RALEIGH – If you like what you read at CarolinaJournal.com, join the club.
I mean, quite literally, that you should consider joining a Carolina Freedom Club. If you like visiting our daily news site each morning – to read our exclusive news stories and investigative pieces, scan the day’s headlines, and check out what crazy thing I’ll say next – please join your local Freedom Club and help support independent journalism in North Carolina.
The John Locke Foundation – the nonprofit think tank that produces Carolina Journal in print, radio, video, and online formats – created seven Freedom Clubs across the state last year. Thousands of North Carolinians have responded to our invitation so far, either by attending a Freedom Club meeting in their communities or joining their regional club by mail or email.
Thanks to their efforts, we were able to raise tens of thousands of dollars to support Carolina Journal’s unique blend of news, investigation, analysis, and commentary. We couldn’t do it without our Freedom Club members. And we won’t be able to maintain or expand CJ’s offerings without recruiting additional Freedom Club members.
So if you believe that CJ provides a valuable public service, please join the club.
Most of our audience consumes CJ in its monthly print format, which began publication in 1991. Some 130,000 readers across North Carolina enjoy CJ’s broad coverage of the General Assembly, government, and politics, as well as our special sections devoted to education, local government, culture, history, and other subjects.
Some readers of the print edition get it directly through the mail. Others read regional editions of CJ that are inserted in their local newspapers. Still others download each monthly issue as a pdf to read at their leisure.
So no matter how you get it, if you like what you read in CJ, please join the club.
Tens of thousands of additional North Carolinians get their CJ fix through Carolina Journal Weekly Report, a newsletter that got its start in 1993; CarolinaJournal.com, which launched in 1999; or our weekly syndicated newsmagazine Carolina Journal Radio, which launched in 2003 and is co-hosted by Mitch Kokai and Donna Martinez. Currently broadcast on commercial radio stations from the mountain to the coast, CJ Radio provides listeners with interviews, expert discussions, and clips from speeches, press conferences, and legislative debates.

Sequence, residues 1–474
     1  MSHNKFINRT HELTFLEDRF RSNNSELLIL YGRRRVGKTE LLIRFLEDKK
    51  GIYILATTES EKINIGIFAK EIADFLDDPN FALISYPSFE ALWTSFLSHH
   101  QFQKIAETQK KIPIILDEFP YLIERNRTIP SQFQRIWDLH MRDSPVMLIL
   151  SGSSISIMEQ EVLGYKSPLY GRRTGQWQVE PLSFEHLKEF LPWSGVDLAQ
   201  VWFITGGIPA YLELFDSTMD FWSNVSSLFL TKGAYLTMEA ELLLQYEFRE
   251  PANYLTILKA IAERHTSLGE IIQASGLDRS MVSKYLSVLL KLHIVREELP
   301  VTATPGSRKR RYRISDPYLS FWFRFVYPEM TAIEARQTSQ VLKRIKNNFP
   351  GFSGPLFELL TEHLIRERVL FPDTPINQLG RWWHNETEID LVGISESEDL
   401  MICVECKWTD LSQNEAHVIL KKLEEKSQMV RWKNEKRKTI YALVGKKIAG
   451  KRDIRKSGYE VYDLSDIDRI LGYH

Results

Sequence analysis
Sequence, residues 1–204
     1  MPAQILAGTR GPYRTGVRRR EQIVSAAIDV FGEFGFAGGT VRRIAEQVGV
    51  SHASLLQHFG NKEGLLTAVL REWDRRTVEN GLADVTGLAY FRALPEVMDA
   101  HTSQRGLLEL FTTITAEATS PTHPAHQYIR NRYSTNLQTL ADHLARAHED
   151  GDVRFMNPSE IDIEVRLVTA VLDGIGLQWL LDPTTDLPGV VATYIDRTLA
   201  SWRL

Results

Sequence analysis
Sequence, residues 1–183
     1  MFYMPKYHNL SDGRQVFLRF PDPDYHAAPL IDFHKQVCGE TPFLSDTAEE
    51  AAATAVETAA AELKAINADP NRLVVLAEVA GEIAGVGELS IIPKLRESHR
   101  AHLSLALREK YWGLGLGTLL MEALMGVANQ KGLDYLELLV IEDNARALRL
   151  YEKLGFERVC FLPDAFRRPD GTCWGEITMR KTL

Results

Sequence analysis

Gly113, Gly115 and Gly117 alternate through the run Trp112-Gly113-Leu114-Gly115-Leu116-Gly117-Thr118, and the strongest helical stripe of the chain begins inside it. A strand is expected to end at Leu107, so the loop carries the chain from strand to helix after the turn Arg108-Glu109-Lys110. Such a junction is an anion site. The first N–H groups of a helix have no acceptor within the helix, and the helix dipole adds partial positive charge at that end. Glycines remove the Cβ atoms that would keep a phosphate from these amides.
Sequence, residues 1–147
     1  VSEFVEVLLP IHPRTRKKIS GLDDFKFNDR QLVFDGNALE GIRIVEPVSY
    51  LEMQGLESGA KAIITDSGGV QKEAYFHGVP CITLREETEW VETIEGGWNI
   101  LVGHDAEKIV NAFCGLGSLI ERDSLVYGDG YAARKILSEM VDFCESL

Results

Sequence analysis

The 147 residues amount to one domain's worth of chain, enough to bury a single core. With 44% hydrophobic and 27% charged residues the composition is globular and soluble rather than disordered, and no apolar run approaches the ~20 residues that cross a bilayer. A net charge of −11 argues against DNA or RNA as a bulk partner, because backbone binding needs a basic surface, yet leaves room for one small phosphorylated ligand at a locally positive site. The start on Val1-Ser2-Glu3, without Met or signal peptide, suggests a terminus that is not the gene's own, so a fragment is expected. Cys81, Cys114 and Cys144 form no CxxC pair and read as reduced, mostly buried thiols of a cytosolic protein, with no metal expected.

Most of the audience hears our program from a local station, but listeners can also get it by podcast. Perhaps you are one of those who download the program each week to listen to while you commute, travel, or exercise.
If so, and if you like what you hear on Carolina Journal Radio, please join the club.
As a project of the John Locke Foundation, Carolina Journal is one of a growing number of journalistic enterprises housed in nonprofits and sustained by tax-deductible contributions. Some of these projects are based at universities. Others are run by foundations, local charities, or think tanks like JLF.
The model certainly isn’t new. It’s the way public radio and television programming has been produced for decades. But as the business model for traditional media outlets has been put under tremendous pressure by economic and technological change, nonprofit media experiments are proliferating.
We wish them well. CJ is no longer an experiment, however. With nearly two decades under our belts, we’ve established a strong record of accomplishment and loyal readership.
So if you’d like to see us extend that record far into the future, please join the club.
We’d love to have you.
Hood is president of the John Locke Foundation.